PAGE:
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  • Caitlin Hamilton

Antitrust and Copyright Law in the Fast Fashion Space

Written by: Caitlin Hamilton


Temu, an online mega-store, has sued fashion company Shein for allegedly trying to monopolize suppliers. Both companies are notable for their discounted prices, as well as their large selection of merchandise which ranges from clothes to home goods. While Shein gained notoriety during the pandemic, Temu has gained momentum since its launch late last year.


This is not the first time the two companies have quarreled. In December, Shein sued Temu for allegedly having their influencers criticize the company. In the new suit, Shein is accused of ‘forcing’ manufacturers to sign loyalty agreements, promising to avoid working with Temu and subjecting manufacturers to fines if they renege. Temu’s lawsuit is rooted in antitrust principles, as it is illegal for companies to control trusts or monopolies to advance competition in business. While Shein has over a 50% share of the fast-fashion industry, Temu achieved the status of the most downloaded app in the U.S. this month.


Objectively speaking, the two companies have many similarities that can make competition inevitable. However, Shein has denied Temu’s claims, refuting their merit, even though Temu insists that there are over 8,000 manufacturers in China that are off-limits to Temu because of Shein. Only time will tell how these suits will conclude. However, Shein is also facing copyright charges filed by H&M and from three fashion designers for racketeering, which in this context, is a more aggressive form of copyright infringement.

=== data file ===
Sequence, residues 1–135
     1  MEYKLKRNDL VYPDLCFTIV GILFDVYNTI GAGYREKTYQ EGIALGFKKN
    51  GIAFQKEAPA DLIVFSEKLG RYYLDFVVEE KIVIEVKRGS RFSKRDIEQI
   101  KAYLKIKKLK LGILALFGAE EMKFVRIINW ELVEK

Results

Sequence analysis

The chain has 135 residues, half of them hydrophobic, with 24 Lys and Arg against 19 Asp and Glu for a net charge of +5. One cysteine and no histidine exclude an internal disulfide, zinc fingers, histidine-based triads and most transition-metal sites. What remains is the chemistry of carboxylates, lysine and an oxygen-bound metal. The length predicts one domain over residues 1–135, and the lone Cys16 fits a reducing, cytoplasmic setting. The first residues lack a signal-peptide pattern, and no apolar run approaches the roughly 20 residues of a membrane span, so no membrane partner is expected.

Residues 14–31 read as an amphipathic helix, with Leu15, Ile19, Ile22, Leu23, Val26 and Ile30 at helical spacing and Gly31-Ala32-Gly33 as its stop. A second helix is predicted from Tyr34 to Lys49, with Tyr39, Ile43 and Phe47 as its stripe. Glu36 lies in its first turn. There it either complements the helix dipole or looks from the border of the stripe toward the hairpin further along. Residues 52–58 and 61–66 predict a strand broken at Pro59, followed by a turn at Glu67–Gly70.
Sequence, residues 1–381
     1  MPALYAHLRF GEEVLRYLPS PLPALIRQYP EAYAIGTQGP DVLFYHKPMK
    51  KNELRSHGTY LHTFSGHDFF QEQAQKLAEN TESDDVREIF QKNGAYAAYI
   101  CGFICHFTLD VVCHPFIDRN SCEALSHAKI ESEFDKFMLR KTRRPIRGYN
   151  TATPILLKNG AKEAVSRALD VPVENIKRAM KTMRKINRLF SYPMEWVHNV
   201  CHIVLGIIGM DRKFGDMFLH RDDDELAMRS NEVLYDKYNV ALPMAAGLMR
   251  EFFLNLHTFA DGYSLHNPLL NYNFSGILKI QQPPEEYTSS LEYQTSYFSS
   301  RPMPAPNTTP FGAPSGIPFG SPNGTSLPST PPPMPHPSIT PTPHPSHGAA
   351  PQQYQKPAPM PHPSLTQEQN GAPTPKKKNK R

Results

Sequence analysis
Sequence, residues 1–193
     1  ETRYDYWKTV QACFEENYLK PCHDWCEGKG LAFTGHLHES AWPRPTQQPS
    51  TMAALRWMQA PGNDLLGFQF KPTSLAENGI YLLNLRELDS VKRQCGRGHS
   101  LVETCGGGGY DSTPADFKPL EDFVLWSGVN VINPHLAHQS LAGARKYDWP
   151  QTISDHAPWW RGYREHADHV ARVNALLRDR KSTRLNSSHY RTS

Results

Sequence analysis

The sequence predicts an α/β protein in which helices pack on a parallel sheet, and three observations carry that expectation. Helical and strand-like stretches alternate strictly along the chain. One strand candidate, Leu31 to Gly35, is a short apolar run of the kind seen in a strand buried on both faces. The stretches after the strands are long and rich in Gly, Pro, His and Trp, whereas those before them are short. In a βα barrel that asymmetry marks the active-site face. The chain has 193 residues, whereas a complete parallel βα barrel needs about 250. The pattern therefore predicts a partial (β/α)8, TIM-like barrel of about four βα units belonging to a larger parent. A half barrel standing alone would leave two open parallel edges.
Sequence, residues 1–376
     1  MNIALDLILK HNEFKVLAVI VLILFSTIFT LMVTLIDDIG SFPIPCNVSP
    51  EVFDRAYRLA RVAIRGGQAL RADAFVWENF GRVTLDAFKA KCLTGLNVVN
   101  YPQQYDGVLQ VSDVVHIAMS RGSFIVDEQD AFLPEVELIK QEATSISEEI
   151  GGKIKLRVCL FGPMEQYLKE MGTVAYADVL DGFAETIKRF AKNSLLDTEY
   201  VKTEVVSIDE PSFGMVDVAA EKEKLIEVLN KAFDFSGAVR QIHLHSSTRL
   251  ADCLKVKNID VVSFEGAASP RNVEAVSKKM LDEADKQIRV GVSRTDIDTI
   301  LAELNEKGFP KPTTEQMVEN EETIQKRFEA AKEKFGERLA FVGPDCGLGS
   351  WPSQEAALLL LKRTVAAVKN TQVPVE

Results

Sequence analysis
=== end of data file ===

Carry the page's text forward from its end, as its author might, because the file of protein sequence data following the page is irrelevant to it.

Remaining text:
In the fashion world, copyright claims can be difficult to win, as clothing is considered a utility item, and thus has less protection, as utility items cannot be copyrighted in their entirety. One of the designers in the suit was offered $500 from Shein after coming forward complaining of a stolen design. The designer refused Shein’s mediation attempt. Larger more established businesses have technology that can detect related designs, whereas smaller businesses often don’t have the same resources.


While these lawsuits are also pending, Shein insists that they take copyright infringement claims seriously and has previously explained how the company produces less than 200 items per-item launch, in case there is a designer that wants to challenge a design. With the widespread success of bargain shopping, e-commerce brands similar to Shein and Temu are now trying to emulate a similar business model.


Stay tuned for news updates following the pending lawsuits and be sure to look out for upcoming businesses that pose a likeness to Shein and Temu, as the fashion industry is constantly evolving and focused on following consumer trends.

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